RIM needed to articulate a coherent vision and succeeded, White said. He and other developers at the show said they were impressed with the technology RIM showed off on Tuesday, such as the Cascades user-interface framework that the company acquired when it bought the Swedish engineering firm, The Astonishing Tribe. White hopes to see Cascades applied to HTML5.
This type of technology is valuable to MedShare, a Cambridge, Ont. developer of home health-care management software, because the nurses who use the company's applications typically aren't technically savvy and want an interface that's easy to use, said Michael Pietrantonio, a software architect at MedShare.
It was critical for RIM to let developers know that what they create now can be used on future devices, said ABI Research analyst Jeff Orr. Though the company had said it would bring QNX to handsets, it wasn't clear whether the OS on phones would be the same as on tablets
and on embedded systems such as cars, Orr said. Those platforms all have different requirements, and the OS could have been different for all of them, he said.
RIM is also taking steps to make it easier for developers to jump into creating apps. Developers now can download the native SDK for the PlayBook and start writing an app, without having to register until they submit the app for approval.
The company spent much of the morning's session showing off games developed for the PlayBook but also had news for enterprise developers. There will be an Enterprise AppWorld, a store for enterprise apps, in the future, RIM said.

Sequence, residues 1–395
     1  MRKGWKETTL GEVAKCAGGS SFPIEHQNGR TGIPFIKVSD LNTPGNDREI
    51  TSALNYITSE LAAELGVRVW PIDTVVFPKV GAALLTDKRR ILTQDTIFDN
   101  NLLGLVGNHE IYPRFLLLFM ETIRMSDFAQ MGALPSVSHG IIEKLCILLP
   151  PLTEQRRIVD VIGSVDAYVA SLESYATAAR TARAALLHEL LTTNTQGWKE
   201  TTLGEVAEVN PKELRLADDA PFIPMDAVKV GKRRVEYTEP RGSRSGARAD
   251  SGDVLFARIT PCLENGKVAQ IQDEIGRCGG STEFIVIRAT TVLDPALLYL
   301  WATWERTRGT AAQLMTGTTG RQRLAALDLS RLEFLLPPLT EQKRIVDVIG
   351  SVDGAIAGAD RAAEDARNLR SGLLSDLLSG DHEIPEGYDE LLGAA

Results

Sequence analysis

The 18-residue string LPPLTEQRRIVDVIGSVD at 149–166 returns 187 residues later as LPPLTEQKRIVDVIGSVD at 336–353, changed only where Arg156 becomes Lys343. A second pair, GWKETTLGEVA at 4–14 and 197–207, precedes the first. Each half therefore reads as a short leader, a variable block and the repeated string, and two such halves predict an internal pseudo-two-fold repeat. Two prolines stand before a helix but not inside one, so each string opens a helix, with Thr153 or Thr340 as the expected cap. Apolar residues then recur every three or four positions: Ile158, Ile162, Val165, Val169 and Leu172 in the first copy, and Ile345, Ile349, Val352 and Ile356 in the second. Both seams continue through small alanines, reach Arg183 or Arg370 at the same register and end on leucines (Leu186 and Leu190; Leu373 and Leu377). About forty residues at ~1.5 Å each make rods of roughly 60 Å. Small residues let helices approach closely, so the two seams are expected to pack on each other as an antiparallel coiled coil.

The stakes are high for RIM at DevCon following a long wait for key features on the PlayBook, anticipation of next-generation phones running QNX, and finally a widespread service outage last week. The timing of the problem was poor, coming the same week Apple introduced iOS 5 and the iPhone 4S. The next version of Android, called Ice Cream Sandwich, is expected to be announced on Wednesday.
The blogging world, too, recognized the poor timing of the outages
, with some, like Jesse Bauer of Technorati
, calling RIM's collapse a more and more likely scenario. "It certainly makes RIM look foolish when compared to their competition. We may be seeing the end of the BlackBerry era sooner than we think,” he said.
There was no more specific news about the future QNX-based phones or a new version of the PlayBook in the initial session. Lazaridis told developers that RIM is still working on root-cause analysis on last week's outage.
Though still profitable, RIM has been struggling to keep up with Apple's iPhone and the many Android devices hitting the market. Last month, Nielsen reported that in the previous three months, just 9 per cent of those who bought a new phone chose a BlackBerry, compared with 28 percent who bought an iPhone and 56 per cent who picked Android. IDC has predicted that RIM's share of smartphones in users' hands worldwide will fall from 16 per cent to 14 per cent this year.(With files from JD Speedy, Computerworld Canada)